The omnipresent onomatopoeic beep. The term was first recognized back in 1929, although I’m unsure exactly what beeped back then. Today, beeps are all around us. So much so that we customize our beeps so we can tell our beeps from other people’s beeps.
Which brings us to babies. The cry of a baby is unique in somewhat the same way as a beep. Not so much in how you configure the noise. Most children lack setup screens and the ability to accept mp3 formats. But rather in how you recognize the noise.
If a baby’s cry is heard in a crowd of people, every parent’s brain in the room does a split second analysis to determine whether or not that baby is his or hers. If it is, the parent immediately seeks the child (note: in the event that both parents are present, the reaction may be to hesitate briefly or glare at the spouse in hopes of the other one fetching the kid). however, if the cry doesn’t register in your brain as “your kid”, you instead start scanning the room to see whose kid it is.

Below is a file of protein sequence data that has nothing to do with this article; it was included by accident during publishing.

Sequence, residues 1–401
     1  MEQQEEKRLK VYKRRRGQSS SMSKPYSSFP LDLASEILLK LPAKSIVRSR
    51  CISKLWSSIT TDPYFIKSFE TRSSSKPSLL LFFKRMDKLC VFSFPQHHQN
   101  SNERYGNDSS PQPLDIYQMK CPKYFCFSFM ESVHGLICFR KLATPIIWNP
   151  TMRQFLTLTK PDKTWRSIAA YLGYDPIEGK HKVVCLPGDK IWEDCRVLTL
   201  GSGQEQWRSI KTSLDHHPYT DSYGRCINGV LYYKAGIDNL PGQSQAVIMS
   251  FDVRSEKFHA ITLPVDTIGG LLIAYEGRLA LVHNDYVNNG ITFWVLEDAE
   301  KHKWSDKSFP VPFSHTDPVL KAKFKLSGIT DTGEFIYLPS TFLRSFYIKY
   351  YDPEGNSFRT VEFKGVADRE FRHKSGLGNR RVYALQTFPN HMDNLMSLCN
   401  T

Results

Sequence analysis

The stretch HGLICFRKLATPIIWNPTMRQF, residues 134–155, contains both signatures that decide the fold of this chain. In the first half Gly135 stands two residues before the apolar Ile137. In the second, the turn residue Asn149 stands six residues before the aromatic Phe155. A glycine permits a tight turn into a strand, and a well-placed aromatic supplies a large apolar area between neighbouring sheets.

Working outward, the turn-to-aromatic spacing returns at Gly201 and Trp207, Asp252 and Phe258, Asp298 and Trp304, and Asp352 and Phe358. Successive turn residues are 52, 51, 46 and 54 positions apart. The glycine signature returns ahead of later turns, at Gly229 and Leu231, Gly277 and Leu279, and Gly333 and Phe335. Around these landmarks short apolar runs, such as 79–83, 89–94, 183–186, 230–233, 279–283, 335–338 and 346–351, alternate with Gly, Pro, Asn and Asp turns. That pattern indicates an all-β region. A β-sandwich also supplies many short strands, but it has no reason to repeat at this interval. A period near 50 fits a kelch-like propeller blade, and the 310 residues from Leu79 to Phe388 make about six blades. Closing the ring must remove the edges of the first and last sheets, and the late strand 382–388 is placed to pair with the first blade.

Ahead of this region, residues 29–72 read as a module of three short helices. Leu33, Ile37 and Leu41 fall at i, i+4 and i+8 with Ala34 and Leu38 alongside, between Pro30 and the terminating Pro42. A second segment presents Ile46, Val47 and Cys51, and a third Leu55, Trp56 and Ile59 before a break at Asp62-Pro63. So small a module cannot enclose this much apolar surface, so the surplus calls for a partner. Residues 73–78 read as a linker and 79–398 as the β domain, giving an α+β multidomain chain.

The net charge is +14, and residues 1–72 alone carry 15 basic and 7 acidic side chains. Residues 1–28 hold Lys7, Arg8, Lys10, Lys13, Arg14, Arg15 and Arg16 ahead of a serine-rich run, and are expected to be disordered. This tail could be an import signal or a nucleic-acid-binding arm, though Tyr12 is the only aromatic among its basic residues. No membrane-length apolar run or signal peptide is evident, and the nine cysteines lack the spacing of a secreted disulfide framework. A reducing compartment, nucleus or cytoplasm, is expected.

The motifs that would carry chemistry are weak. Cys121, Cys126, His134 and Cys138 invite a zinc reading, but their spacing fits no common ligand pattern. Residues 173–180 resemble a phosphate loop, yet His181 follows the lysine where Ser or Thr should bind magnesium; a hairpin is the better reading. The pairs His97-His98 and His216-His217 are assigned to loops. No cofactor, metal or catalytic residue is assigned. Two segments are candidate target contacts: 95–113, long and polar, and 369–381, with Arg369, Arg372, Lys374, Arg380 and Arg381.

Beeps are much the same way. Your brain knows which beeps are yours, and if the beep doesn’t register as your own, you scan the room looking for whose it is. In the event that no one seems to be grabbing for something that beeps your brain then has a secondary reaction and begins to wonder if maybe it really is yours after all. This results in everyone now pulling out and placing all manner of gadgetry up to their ears to see if they are making noise. Then shrugging sheepishly and stashing the device back in their pocket or purse.
I guess this is the point where the analogy breaks down, although seeing a room full of people hoisting successive kids up to their ears looking for the noisy one is a comical visualization.